One of the great things about Mike’s visit was hearing him describe just how such an event could happen. Many author visits tend to excite primarily the language arts teachers and students who love to read and write already.  Mike is unique in that he can discuss with some authority the science behind his books.  This fact enabled me to get my science teachers on board so that Mike ended up giving his presentation on "The Geology of Ashfall” to all the seventh grade science classes.  We also offered a “Lunch with the Author” for sixth & eighth grade students.   Overall, Mike talked to close to 250 students that day yet his energy never faltered. The enthusiasm Mike brings to his presentations, as well as his ability to explain difficult scientific concepts in understandable terms, kept the students excited and engaged. 

Mike also demonstrated the importance of preparation and research by sharing his own experiences during the writing of this series.  He talked about the mountains of science books he had to read to make sure his facts were correct. Since he wanted to give Alex self-defense skills while still keeping him an average kid, Mike actually joined a dojo and learned Taekwondo himself.  Not only did this give him insight into his character, but it made for an exciting conclusion to his presentation.  The students crowded around, even stood on chairs, to see Mike break a concrete block in half. He autographed books for students and staff and provided my Media Center with an autographed book and several signed concrete blocks he had broken during his taekwondo demonstrations.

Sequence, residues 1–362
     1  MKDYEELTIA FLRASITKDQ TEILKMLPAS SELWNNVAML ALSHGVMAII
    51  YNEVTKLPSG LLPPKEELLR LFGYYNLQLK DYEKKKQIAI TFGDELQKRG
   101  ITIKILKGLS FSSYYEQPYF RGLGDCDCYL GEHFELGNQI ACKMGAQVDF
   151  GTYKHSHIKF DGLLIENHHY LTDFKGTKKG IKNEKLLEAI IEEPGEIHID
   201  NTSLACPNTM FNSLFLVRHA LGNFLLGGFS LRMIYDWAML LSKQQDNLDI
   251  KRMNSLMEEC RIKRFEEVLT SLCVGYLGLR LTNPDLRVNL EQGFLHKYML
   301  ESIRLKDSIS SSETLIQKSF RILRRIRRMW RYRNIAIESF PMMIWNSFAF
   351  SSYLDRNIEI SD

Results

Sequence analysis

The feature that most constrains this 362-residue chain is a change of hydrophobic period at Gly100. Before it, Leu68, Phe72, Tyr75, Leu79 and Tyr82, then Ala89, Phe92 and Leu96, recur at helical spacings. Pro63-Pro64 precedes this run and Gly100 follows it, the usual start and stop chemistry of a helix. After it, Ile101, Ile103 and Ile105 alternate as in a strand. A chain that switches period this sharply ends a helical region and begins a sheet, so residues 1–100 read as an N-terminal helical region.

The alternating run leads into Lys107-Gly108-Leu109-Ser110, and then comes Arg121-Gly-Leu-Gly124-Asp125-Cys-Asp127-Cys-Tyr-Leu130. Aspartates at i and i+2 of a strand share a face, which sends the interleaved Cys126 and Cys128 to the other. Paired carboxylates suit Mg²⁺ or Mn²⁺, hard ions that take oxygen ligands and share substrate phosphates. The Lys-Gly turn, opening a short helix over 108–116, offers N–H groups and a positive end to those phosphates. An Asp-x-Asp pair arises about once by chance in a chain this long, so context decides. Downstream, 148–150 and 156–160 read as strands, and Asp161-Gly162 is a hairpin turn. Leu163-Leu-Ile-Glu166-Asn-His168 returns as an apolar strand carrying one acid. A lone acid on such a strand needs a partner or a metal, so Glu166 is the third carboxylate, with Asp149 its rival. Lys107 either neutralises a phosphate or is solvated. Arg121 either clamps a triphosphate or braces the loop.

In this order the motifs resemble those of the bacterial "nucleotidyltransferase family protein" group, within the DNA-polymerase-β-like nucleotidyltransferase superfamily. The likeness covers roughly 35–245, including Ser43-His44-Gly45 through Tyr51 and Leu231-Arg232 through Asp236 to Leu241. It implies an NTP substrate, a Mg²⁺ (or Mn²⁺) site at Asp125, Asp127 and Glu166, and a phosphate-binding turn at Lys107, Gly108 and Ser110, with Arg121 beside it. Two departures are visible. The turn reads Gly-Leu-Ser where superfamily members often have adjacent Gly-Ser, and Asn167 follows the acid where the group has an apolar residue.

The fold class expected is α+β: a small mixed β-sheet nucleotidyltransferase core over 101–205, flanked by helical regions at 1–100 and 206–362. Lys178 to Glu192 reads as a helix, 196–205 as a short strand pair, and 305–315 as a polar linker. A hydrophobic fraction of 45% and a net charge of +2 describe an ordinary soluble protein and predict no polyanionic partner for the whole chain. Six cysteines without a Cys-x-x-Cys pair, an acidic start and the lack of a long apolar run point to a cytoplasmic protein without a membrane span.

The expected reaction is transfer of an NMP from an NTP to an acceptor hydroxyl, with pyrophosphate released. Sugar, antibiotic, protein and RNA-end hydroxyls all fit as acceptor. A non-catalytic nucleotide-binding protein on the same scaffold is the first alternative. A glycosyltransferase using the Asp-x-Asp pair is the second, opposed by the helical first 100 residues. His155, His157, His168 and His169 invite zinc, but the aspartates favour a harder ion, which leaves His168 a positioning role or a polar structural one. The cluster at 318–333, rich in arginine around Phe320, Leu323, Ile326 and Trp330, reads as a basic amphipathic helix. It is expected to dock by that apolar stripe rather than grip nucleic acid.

My first author visit was a rousing success.  For those old enough to remember the Mary Tyler Moore show, I felt like Mary when she spun around and threw her hat into the air as the opening song says “you might just make it after all!”  It was the first real bright spot in an otherwise overwhelmingly bleak year.  So it’s no wonder that I gave Mike a big hug at the end of the day and have been a bit obsessed with him and his books ever since.  It doesn’t hurt that he’s a genuinely nice, down to earth guy either.  Would I recommend booking him for your next author visit?  Most definitely, but do it soon - it’s only a matter of time before he and his books explode (like a super volcano) into the next big thing.